Maryam

Measurement of Volume

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Whenever volume of water is measured, its lower layer is noted. While in the case of any colored liquid, upper layer is noted. Is it so? Why?

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5 hours ago, Maryam said:

Whenever volume of water is measured, its lower layer is noted. While in the case of any colored liquid, upper layer is noted. Is it so? Why?

 

Or are you actually referring to the meniscus line?

image.jpeg.19b1c03f095fa8046c39f052cd63d278.jpeg

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8 hours ago, John Cuthber said:

Is this a homework question?

No, it is not. Actually, I have started my research degree a few months ago and many basic questions strike my mind regularly. That's why I signed up here to ask and let my concept become clearer.

4 hours ago, studiot said:

 

Or are you actually referring to the meniscus line?

image.jpeg.19b1c03f095fa8046c39f052cd63d278.jpeg

Yes, kindly make it more clear according to the question about volume of colored liquids. What is the role of their color to note their volume?

 

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48 minutes ago, Maryam said:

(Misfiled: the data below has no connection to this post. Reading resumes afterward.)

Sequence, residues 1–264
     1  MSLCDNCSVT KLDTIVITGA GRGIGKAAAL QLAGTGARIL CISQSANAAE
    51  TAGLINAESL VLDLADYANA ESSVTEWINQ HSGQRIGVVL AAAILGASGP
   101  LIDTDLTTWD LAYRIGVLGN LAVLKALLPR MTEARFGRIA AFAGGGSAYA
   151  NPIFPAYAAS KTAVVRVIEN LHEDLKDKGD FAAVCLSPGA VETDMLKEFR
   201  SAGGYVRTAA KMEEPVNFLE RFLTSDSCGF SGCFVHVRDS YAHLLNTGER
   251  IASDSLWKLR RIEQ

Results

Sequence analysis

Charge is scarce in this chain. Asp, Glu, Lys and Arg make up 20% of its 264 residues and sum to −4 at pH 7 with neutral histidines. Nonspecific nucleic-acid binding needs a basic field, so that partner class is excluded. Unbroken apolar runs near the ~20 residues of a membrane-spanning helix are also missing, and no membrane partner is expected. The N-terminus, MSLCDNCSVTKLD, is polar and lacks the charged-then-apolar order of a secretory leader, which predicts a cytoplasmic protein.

No, it is not. Actually, I have started my research degree a few months ago and many basic questions strike my mind regularly. That's why I signed up here to ask and let my concept become clearer.

I think it has something to do with the make up of the fluid itself. Being either polar or non-polar. Water, being a polar molecule, would be more attractive to the glass surface. This would produce a concave shape. And because you are looking for the waters volume I believe, do not quote me on this, that due to this affect you would need to measure taking this into account. As for the color liquids I am not sure. An idea would be that most color liquids used in chemistry are usually non-polar. Again I am not sure. 

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2 hours ago, Maryam said:

Yes, kindly make it more clear according to the question about volume of colored liquids. What is the role of their color to note their volume?